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County addresses stormwater


The stormwater ordinance Knox County plans to adopt is sufficient to meet state minimum requirements, but cost and funding for the measure has yet to be determined.

This was the main thrust of comments AMEC unit manager Mary Halley made to Knox County commissioners in a special meeting Monday, March 25.

“The regulations prior to what you have here now focused on drainage control,” Halley said. “Largely, storm-water regulations in the past focused on water quantity control, not

quality.”

The ordinance Knox County officials are suggesting be adopted, she said, meets requirements of the Environmental Protection Agency’s National Pollutant Discharge Elimination Program, or NPDES, which is authorized by the Clean Water Act.

Knox County was issued an NPDES permit in 2003, she said. In 2005, Knox County adopted an ordinance similar to the one used by the City of Knoxville.

Halley said Knox County is currently under the jurisdiction of an NPDES Phase II permit, which requires erosion and sediment control during construction and requires controls for after construction.

“This is a big change,” she said. “You have to prevent or treat water quality after

construction.”

This means the county must develop a program to monitor water quality as well as pollutant discharge and private stormwater facility maintenance.

Halley said a program has to be put in place to monitor after construction water quality and report the findings to the Tennessee Department of Environment and Conservation.

Failure to implement such a program could result in daily fines from TDEC of up to $10,000 per day, fines that could be paid through taxpayer money.

Halley said TDEC has come in to audit the county’s stormwater management program since its implementation in 2003.

“No violations were issued, but they did note some deficiencies,” she said. “They understood this was a difficult thing of the county to implement in such a short time.”

The proposed stormwater ordinance the county is considering for adoption, she said, deals with the deficiencies noted by TDEC.

Commissioners and some of the 50 residents in attendance had a chance to ask questions of Halley and Knox County Director of Public Works Bruce Wuethrich.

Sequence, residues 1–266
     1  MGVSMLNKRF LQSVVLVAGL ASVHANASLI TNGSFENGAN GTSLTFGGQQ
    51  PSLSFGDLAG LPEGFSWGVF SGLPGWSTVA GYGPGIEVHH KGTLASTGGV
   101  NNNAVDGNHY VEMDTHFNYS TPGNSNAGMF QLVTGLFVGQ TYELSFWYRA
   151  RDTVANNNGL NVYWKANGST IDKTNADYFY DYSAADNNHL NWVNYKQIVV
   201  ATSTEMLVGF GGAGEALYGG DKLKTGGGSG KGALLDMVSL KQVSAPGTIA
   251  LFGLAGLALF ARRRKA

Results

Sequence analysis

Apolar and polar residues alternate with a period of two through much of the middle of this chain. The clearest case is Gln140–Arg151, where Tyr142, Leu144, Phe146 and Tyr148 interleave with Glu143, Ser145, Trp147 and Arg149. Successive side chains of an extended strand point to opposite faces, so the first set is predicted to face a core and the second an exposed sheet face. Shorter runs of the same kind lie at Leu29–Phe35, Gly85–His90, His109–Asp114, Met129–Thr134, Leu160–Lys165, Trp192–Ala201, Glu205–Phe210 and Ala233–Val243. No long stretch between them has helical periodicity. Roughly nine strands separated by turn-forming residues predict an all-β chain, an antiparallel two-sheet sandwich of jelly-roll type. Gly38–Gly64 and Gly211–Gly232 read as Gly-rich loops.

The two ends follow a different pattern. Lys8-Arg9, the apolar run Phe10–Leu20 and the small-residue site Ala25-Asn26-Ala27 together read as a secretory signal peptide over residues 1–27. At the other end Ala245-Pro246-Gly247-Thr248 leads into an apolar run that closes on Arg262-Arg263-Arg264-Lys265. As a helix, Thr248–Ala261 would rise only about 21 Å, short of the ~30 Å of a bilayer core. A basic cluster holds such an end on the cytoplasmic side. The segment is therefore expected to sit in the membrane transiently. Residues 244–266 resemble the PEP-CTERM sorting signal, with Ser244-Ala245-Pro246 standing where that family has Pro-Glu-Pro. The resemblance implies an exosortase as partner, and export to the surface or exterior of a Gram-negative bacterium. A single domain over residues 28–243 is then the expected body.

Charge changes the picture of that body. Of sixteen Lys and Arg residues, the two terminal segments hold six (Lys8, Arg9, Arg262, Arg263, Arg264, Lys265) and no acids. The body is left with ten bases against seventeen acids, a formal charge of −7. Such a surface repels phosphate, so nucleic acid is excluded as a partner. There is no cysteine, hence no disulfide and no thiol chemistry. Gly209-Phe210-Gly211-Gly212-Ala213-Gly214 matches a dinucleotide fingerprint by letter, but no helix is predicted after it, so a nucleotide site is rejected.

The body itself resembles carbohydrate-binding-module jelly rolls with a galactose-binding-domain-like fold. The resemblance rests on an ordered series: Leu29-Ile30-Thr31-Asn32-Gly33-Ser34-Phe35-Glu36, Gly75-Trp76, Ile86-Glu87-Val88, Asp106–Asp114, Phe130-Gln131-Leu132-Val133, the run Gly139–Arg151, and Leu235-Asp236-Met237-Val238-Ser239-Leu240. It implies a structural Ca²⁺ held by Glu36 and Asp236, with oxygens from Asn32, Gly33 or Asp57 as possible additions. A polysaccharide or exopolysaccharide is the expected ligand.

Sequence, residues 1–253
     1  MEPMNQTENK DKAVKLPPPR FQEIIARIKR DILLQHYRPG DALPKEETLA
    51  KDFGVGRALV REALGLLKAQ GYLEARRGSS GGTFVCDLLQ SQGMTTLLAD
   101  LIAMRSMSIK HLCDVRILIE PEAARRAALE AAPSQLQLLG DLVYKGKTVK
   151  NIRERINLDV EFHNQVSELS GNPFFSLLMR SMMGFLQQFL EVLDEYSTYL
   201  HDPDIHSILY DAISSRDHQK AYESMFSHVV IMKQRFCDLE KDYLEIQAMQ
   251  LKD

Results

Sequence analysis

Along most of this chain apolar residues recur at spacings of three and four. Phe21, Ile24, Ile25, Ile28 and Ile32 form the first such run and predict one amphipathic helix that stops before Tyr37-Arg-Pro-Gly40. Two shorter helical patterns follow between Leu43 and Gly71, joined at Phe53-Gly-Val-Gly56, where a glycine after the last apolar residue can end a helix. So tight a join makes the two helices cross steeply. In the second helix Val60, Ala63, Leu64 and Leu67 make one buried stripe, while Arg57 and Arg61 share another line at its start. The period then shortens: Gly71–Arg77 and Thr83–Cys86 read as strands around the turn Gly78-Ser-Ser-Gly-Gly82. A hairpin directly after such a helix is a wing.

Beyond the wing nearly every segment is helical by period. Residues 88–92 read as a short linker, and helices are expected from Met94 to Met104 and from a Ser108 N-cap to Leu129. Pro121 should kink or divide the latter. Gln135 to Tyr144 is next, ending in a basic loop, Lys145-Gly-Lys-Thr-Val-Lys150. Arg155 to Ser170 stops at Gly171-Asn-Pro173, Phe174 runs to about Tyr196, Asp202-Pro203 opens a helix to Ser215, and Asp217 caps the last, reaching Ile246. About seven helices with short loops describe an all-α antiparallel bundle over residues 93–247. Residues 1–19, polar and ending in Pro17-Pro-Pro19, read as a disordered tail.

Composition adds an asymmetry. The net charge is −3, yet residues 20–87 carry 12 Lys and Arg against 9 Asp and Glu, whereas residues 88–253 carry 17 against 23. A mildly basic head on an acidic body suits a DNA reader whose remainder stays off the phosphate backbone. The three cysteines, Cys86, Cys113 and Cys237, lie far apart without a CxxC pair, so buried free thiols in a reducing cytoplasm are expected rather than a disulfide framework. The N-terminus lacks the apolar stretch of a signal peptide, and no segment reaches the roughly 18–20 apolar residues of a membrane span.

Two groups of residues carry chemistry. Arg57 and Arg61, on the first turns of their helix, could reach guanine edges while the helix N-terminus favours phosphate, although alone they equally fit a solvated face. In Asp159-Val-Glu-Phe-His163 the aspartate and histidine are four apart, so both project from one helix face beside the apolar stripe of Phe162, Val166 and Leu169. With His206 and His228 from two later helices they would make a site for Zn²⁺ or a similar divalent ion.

“When you talk about stormwater, I’m one of those whose eyes glaze over,” Commissioner Mike Hammond, District 5A, said. “I’ve heard costs of sixty to seventy to eighty million to implement this program. Any idea where those numbers came from?”

Wuethrich said the Knox County Stormwater Advisory Board, commissioned to examine the stormwater management program, was given total cost estimates for items, including capital projects. He assumed that’s where the numbers came from. No estimates on stormwater implementation have been developed.

“I do know we have to adopt an ordinance,” Wuethrich said. “If we don’t, the cost could be ten thousand a day.”

Commissioner Mark Harmon suggested Wuethrich expand the definition of wetlands in the ordinance to include the definitions used by the EPA and the U.S. Army Corps of Engineers.

Resident James McMillan took commissioners to task to the scope of the ordinance.

“Today everyone’s talking about minimum standards,” he said. “Knox County promised the citizens a Cadillac ordinance. This ordinance doesn’t address the problem of urbanization.”

He said if commissioners passed the proposed ordinance, it would deliver a message to residents who live in watersheds that they could expect to see more damage from stormwater.

Jamie Rowe, a member of the Stormwater Advisory Board, expressed concern the sinkhole portion in the ordinance would negate the already strict policy the county has toward dealing with sinkholes.

Citizens who wish to be heard on the matter can reach county officials via e-mail at stormwater@knoxcounty.org or leave a voice message at 865-215-4418.

 

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